10 October 2015

Three things

I confess it's a strain isolating three things I like each week. Sometimes there are so many from which to choose while, other times, I can barely think of a single noteworthy item. That's my challenge, though! Here are the three things I like this week.

1. Creating imaginary people
 If you read my Facebook page, you'll know I've been using photos of people from magazines as inspiration to create characters for a story I'm planning. Once I had a clear idea of how I want these imaginary people to look, I've been assigning them other characteristics and histories. Now I understand why having imaginary friends is fun!

2. Visiting an archaeological dig

Yes, a real one! It was at Parramatta Park, one of the Australian Convict Sites World Heritage properties. I've always been interested in stories - those of people who have gone before us and those who are still with us - so I was excited to see what has been recently discovered there by archaeologists.

This photo shows remains of convict huts believed to date back to 1790, two years after the English founded their colony at Parramatta. They were searching for arable land in 1788 to grow food to support those who came on the First Fleet. Fascinating!

3.  The end of the footy season

It's been a long six months since our team played the first game of the 2015 AFL season. I'm glad it's over now because it really hasn't been an enjoyable year. Player injuries, some tedious games, and disgraceful behaviour by some sections of certain clubs' supporters combined to tarnish my enjoyment. So I like that it's over for this year. Now I can start anticipating a fresh start in 2016!

05 October 2015

My book of the month: October

My favourite novel this month is an immensely satisfying tale that shows the complexity of human emotions. We all make assumptions about people's behaviour based on what we think we know about them, right? What if we are wrong?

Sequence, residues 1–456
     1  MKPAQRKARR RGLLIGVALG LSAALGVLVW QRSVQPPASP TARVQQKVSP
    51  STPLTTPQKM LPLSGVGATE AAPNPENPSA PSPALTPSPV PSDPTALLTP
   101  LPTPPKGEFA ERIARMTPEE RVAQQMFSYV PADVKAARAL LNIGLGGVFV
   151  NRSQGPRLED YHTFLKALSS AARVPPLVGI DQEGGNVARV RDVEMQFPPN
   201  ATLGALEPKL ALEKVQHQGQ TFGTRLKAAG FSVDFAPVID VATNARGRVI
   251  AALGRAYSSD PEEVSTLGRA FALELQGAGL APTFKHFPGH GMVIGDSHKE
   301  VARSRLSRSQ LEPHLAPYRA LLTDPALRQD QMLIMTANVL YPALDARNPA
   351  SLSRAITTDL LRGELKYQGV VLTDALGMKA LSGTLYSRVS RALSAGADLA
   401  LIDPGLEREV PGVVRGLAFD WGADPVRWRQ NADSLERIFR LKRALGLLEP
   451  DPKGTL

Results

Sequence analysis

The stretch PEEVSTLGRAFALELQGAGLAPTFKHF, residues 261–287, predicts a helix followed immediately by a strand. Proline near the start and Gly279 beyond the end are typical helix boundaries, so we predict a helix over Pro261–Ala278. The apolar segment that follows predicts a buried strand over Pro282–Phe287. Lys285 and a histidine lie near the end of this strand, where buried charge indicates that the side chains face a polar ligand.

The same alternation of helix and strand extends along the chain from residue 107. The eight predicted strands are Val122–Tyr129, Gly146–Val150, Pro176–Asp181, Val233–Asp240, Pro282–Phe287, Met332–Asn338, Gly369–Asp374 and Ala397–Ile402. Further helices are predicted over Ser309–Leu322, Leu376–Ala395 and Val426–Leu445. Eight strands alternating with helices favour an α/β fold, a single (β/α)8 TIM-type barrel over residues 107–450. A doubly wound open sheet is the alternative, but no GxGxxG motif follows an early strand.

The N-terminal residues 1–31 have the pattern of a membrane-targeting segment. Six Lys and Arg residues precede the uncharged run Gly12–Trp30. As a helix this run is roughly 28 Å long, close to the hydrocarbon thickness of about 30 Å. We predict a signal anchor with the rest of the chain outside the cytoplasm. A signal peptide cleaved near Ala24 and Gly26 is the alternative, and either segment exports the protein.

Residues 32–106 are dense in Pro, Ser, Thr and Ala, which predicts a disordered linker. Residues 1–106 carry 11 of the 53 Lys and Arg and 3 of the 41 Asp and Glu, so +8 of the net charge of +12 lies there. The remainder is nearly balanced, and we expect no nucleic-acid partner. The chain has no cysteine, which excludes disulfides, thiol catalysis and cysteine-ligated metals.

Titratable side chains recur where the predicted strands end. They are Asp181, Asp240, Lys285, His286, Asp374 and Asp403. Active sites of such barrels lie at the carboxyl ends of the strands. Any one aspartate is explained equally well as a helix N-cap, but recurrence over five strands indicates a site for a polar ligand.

Some readers may interpret this as a contemporary reworking of Pride and Prejudice but I have to confess that never occurred to me while I was reading it. It was only afterwards that I could see the similarities in the plot. Such clever writing by Marianne Kavanagh.

Linked by Eva, Kim's sister and Harry's best friend, these two characters see the world through different eyes. They don't understand each other fully until the very end, when a potential tragedy is averted. The story has a most satisfactory ending when, I admit, I shed tears of happiness.

Read more about this book on Goodreads

26 September 2015

Textiles Tuesday retires

For several years, I've been reformatting information about craft, quilts and textiles from my Creative Dabbling Facebook page and sharing it here regularly on Textiles Tuesday posts. I've decided not to do that anymore.

It takes me a lot of time to collate information, resize photographs, and create links for these posts. I'm sure you'll understand that I'd rather spend that time actually creating my own things instead of repackaging that information!

If you'd like to stay in touch with all the crafty information I find, please like my Creative Dabbling Facebook page. I try to post something there every day so you'll see a variety of links to interesting articles and information about techniques, shows, and patterns.

I also have a personal Facebook page, which I invite you to visit. There, I try to post daily with links to whatever takes my fancy at the time. You're welcome to join in the conversation!

I know some people don't use Facebook but it's my social media of choice because it's so easy to have online conversations. I'd love to chat to you on either of these pages (or both!) so why don't you give it a try? If you like what you find, please share it with your friends. The more, the merrier!

15 September 2015

Three things

If we don't seek out the good things in our lives, they just pass by, unnoticed. My weekly effort to focus on the positive has changed the way I observe my days. Here are three things I like this week.

1. Twitter

Last night, the Liberal Party changed its leader and, therefore, we now have a new Prime Minister. As events unfolded from 4pm, Twitter was the place to be. Posts by people I follow were informative, opinionated, and laugh-out-loud funny. It was a brilliant night's entertainment.

2. Sydney Swans
OK, we lost the first qualifying final but we have a second chance to progress by winning the semi-final on Saturday. With so many players out injured, I'm not sure how we can win but I'm sure the team will give its best. Fingers crossed.